Innovation is a good thing -- unless it is innovation for its own sake. Acer's new Aspire R7 touchscreen laptop may fall into that latter category.
When he introduced Acer's new line of systems today, the company's chairman and CEO J.T. Wang started by talking about duality -- the use of both touch and type in a single device. I can't disagree with him -- when I spent some time with Microsoft's Surface with Windows RT a little while back, I found myself using the touch screen a lot more often than I thought I would.
The Aspire R7 is no Surface. It's a full-fledged laptop with a 15.6-in. IPS 1920 x 1080 display that offers 10-finger touch with four stereo speakers and a variety of configurations, including an Intel Core i5 or i7 chipset, up to a 1TB hard drive or 256GB SSD and up to 12GB of RAM. AT 5.29 lb., this is no ultrabook.
But the big selling point is the hinged display, using what Acer calls an Ezel hinge. It is highly flexible, and moves the display to a variety of angles, including slightly slanted over the keyboard to offer easy touch access, nearly (but not completely) flat over the keyboard to work as a tablet, or turned 180 degrees around so it faces away from the keyboard -- presumably so that the person sitting opposite you can see what you're typing. (You won't be able to see it, however.)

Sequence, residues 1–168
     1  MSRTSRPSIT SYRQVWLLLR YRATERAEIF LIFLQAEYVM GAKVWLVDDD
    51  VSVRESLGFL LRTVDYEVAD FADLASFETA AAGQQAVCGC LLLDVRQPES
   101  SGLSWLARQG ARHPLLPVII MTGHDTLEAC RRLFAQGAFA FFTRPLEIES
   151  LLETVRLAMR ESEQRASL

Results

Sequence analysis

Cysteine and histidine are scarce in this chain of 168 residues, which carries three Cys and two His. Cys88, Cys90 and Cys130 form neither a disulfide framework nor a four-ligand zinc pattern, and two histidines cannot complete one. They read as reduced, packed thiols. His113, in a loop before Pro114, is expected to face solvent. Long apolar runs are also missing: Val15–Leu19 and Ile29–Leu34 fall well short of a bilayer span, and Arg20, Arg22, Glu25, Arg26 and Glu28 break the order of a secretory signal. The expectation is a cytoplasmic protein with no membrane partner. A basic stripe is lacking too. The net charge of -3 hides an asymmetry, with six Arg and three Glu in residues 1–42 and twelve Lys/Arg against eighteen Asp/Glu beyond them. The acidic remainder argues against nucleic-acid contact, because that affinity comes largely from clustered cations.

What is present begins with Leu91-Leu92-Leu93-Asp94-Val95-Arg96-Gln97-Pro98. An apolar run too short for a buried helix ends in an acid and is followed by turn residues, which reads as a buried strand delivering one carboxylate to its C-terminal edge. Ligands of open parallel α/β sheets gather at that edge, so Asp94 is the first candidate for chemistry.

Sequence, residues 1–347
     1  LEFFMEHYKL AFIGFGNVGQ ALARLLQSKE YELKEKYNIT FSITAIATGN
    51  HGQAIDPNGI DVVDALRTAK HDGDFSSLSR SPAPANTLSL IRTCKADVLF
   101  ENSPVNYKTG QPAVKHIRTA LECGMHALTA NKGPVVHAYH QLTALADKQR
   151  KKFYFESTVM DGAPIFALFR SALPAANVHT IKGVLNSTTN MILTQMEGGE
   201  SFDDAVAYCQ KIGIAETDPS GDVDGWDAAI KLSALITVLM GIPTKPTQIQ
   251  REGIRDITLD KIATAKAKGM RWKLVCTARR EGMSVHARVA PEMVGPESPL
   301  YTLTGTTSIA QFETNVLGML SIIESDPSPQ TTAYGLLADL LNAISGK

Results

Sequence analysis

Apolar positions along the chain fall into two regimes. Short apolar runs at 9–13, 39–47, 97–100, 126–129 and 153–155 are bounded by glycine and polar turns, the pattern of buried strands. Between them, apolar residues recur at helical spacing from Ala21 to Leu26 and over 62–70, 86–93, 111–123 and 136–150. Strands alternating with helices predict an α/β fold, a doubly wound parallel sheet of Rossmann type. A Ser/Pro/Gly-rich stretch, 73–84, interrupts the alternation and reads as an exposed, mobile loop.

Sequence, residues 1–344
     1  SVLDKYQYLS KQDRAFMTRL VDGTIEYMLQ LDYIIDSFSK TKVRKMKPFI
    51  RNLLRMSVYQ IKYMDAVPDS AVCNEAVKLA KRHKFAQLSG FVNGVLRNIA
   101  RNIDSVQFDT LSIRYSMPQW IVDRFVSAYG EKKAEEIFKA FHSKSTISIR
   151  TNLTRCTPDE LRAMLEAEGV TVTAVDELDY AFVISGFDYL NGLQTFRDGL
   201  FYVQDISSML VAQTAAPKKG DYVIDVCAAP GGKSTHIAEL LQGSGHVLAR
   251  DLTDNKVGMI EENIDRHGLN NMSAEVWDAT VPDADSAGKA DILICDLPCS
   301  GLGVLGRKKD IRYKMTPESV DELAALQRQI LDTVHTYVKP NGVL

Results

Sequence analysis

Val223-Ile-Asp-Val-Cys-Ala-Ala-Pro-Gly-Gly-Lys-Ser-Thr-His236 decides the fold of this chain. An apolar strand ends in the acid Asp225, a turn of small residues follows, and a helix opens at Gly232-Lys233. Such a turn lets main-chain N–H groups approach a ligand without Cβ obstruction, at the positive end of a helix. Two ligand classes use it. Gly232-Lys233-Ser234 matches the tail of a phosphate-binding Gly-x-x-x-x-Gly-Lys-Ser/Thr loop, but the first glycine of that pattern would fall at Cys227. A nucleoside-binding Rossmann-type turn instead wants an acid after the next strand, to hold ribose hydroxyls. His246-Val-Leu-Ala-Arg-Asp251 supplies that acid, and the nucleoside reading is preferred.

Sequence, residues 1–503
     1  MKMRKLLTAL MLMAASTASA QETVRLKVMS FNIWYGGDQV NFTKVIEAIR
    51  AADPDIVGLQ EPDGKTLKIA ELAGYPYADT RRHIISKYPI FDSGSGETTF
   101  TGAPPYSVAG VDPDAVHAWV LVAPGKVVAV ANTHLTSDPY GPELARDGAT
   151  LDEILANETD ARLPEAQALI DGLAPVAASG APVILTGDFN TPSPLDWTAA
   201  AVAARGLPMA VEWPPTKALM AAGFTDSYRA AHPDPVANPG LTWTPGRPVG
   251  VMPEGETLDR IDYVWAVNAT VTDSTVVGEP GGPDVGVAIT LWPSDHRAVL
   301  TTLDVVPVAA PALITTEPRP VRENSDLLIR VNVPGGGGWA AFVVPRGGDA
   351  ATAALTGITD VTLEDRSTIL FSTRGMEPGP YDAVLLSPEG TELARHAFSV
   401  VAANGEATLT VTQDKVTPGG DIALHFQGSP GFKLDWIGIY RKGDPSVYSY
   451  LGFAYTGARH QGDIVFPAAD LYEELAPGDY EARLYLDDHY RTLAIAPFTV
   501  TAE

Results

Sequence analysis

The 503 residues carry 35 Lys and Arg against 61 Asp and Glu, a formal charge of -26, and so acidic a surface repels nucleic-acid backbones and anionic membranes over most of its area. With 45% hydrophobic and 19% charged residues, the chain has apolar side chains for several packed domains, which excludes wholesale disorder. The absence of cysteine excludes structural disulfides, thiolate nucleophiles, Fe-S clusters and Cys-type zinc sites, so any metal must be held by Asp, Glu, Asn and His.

In order to provide room for the bottom of the display to touch down just above the keyboard, Acer has made an interesting -- indeed, rather puzzling -- decision: To put the touchpad above, rather than below, the keyboard. I played with the Aspire R7 at the press event this morning, and at first glance, I'm not sure how any typist is going to be able to work comfortably on this machine. We have become used to either reaching out for a mouse, or using our thumbs to manipulate the cursor; having to reach above the keyboard in order to use the touchpad makes it nearly useless.
I suspect that Acer has included the touchpad simply because the designers were nervous about leaving it out altogether. If you ignore its presence completely -- as most of us would be forced to, given its location -- then one could say the Aspire R7 is one of the first heavy-duty laptops to completely rely on its touch screen.
It will be interesting to see how it fares in that regard.
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